SOUTHERN PINES, N.C. (AP) — Ingrid Lindblad decided months ago that she wanted to stay in college instead of turning professional.
That might be a financial decision she comes to regret.
The 22-year-old Swede shot the lowest round by an amateur in the 77-year history of the U.S. Women’s Open, a 6-under 65 that left her a shot behind first-round leader Mina Harigae on Thursday.
Because she’s an amateur, Lindblad wouldn’t be able to collect the record $1.8 million first-place prize if she wins. She would have had to declare as a professional before the tournament began.
When asked if, in hindsight, that was a mistake, the LSU junior known to her friends as “Iggy” paused and said with a smile, “I’m going to stay in college for like another year or so.
"But when you say it, yeah ... it would have been fun to win a little bit of money,” she said.
She has a 54 holes to navigate, but Lindblad has a chance to become only the second amateur to win the U.S. Women's Open. The other was Catherine Lacoste in 1967.
Lindblad didn’t seem overwhelmed at the opportunity.
“Yeah, it’s possible,” she said.
Three amateurs had previously shot 66 — Carol Semple Thompson in 1994, Brittany Lincicome in 2004 and Gina Kim in 2019.
Lindblad tied for 30th at 6-over 292 in her only other U.S. Women’s Open appearance in 2020.
She set the tone for a strong opening round in Southern Pines by winning the Southeastern Conference individual championship in April after making a 38-foot eagle putt on the 18th hole. She showed some of that same prowess on Thursday, needing only 26 putts.
“She was fearless,” said Lindblad’s playing partner, Annika Sorenstam, Sweden’s most famous female golfer and a three-time U.S. Women’s Open champion.
Lindblad will have to contend with what is shaping up to be a strong leaderboard.
Three-time major winner Anna Nordqvist, also from Sweden, and 2021 Evian Championship champion Minjee Lee of Australia were at 67 with American Ryann O’Toole.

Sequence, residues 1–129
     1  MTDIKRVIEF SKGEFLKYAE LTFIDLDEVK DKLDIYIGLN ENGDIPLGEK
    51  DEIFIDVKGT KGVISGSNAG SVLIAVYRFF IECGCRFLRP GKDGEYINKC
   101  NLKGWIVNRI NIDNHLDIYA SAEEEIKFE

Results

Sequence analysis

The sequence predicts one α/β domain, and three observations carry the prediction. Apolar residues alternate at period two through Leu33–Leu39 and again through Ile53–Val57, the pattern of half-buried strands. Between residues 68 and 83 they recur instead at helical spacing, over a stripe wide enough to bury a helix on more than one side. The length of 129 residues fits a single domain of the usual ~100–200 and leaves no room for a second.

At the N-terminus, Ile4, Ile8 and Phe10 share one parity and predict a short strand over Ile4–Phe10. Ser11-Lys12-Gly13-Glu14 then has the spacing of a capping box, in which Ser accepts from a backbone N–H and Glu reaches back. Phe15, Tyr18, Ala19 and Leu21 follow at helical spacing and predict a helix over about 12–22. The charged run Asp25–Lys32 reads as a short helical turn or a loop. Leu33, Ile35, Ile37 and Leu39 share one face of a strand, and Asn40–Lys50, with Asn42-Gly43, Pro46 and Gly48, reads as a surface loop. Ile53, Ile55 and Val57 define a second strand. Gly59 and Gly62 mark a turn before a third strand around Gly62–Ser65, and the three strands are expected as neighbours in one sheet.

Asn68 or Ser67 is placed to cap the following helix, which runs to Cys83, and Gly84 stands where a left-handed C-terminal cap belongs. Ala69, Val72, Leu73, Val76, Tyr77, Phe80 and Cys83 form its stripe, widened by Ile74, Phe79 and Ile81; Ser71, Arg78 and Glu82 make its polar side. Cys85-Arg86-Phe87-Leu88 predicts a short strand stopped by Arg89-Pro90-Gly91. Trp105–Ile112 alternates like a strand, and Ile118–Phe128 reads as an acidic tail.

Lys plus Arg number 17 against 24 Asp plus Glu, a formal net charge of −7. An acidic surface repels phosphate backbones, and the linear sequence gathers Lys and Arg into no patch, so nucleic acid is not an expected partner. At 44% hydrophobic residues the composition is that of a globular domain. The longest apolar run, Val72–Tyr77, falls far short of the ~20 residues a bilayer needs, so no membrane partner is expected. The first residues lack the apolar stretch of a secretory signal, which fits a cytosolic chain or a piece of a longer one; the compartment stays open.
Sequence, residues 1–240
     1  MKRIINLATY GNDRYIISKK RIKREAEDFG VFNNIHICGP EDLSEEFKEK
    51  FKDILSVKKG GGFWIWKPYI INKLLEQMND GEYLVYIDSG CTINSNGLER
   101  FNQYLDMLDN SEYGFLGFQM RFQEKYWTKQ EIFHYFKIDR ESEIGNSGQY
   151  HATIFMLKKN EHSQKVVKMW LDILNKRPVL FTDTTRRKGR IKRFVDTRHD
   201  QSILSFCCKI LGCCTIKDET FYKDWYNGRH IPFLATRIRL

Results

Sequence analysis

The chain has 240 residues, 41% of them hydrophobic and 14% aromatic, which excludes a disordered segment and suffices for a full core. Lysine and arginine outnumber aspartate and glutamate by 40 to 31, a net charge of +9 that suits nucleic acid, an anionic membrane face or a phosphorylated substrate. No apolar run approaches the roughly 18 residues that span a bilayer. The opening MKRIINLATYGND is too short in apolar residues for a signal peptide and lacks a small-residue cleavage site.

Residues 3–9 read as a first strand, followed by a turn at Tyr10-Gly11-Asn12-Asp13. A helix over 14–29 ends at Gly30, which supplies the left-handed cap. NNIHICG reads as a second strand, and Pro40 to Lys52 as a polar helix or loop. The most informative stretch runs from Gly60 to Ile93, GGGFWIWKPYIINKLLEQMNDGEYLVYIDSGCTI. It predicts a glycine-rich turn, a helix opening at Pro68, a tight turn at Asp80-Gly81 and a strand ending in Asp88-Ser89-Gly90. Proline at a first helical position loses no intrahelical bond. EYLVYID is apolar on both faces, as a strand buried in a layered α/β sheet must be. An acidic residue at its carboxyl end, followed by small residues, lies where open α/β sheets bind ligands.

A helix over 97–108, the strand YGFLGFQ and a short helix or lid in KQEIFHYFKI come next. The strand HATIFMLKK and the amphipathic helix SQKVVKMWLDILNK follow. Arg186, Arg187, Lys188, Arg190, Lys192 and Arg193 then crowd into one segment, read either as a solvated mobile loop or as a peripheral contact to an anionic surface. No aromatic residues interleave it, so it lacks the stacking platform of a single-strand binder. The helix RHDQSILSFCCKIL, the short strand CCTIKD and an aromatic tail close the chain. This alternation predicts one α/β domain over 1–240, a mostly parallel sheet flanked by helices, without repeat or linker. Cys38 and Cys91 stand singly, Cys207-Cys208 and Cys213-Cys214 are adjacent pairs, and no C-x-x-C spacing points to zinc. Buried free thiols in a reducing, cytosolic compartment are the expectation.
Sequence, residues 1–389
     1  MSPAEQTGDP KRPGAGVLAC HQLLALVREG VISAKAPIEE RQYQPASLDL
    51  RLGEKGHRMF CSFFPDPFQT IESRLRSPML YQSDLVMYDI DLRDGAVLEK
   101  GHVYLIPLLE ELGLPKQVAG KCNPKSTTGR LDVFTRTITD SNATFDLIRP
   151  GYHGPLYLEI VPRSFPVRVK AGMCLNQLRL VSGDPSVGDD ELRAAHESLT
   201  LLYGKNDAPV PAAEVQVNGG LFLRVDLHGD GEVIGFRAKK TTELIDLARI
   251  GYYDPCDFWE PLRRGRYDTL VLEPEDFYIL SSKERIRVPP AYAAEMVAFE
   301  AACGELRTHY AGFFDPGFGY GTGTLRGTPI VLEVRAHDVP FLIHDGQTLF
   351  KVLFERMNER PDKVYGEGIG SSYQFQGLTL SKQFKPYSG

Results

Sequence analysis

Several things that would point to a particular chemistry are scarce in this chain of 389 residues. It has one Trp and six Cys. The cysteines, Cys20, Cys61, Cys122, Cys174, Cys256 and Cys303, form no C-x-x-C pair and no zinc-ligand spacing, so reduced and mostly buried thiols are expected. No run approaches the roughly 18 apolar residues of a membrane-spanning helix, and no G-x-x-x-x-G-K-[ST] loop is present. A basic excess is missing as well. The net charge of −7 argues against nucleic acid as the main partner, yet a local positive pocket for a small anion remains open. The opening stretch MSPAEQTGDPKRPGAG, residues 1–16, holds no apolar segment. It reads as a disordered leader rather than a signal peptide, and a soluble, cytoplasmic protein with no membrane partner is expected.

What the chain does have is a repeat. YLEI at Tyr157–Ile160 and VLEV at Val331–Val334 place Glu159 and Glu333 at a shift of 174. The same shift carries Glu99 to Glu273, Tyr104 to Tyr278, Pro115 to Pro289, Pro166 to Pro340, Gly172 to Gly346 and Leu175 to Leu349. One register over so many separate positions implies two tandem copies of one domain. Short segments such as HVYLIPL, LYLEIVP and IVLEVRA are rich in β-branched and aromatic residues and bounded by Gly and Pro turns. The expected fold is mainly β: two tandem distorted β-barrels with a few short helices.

Lexi Thompson, who surrendered a five-shot lead in the final round of last year in the event and lost by a stroke, was four shots back after an opening round 68. Fellow American Ally Ewing also shot 68.
“As far as last year, it’s over with, it’s this year," Thompson said. “I took it, I learned from it, and I moved on."
South Korea’s Jin Young Ko, the world’s top-ranked player and one of the most consistent ball-strikers in the tournament, shot a 69 — hitting 13 of 14 greens in regulation.
“I was just trying to get the middle of the green every shot, every hole,” Ko said. “It’s difficult because the green looks wider but the landing area is smaller.”
Nelly Korda looked strong in her return from surgery and appears ready to contend, as well.
Outside of a double bogey at the par-4 11th, the world's No. 2-ranked player played a fairly flawless round in her first competitive tournament since Feb. 25 after developing a blood clot in her arm. She shot 70.
“I definitely had a lot of adrenaline on that first hole. I think I piped my driver so far,” Korda said. “I like kind of felt sick how much adrenaline I was feeling, and then calmed myself down and played pretty well. Just had one unfortunate lost ball on I think 11, but other than that I played pretty solid.”
Lydia Ko shot 72.
Michelle Wie West finished with a 73 in what is expected to be her second-to-last major before retiring.
Defending champion Yuka Saso from Japan struggled, shooting 77.
The 51-year-old Sorenstam, a 10-time major champion, was even par after her first 13 holes but finished with a 74 after qualifying for the event by winning the U.S. Women's Senior Open last year. She said she no longer gets mad at herself when things don't go well and is simply trying to enjoy the tournament with her family. She won at Pine Needles in 1996.
Harigae has 19 career top 10s on the LPGA Tour but this is the first time she's led a tournament.
She shot 30 on the front nine and surged ahead of Lindblad with birdie on the par-3 16th hole on a heat-drenched afternoon that drove some spectators to the exits early.
Harigae, who played one year at Duke before turning pro, said she was thrilled to be back in North Carolina, joking that she drew inspiration from six-time NBA champion Michael Jordan, who played for the Tar Heels.
“Obviously, being a big Jordan fan, so just kind of like going off the Jordan vibes,” Harigae said. “Must be the shoes, right?”
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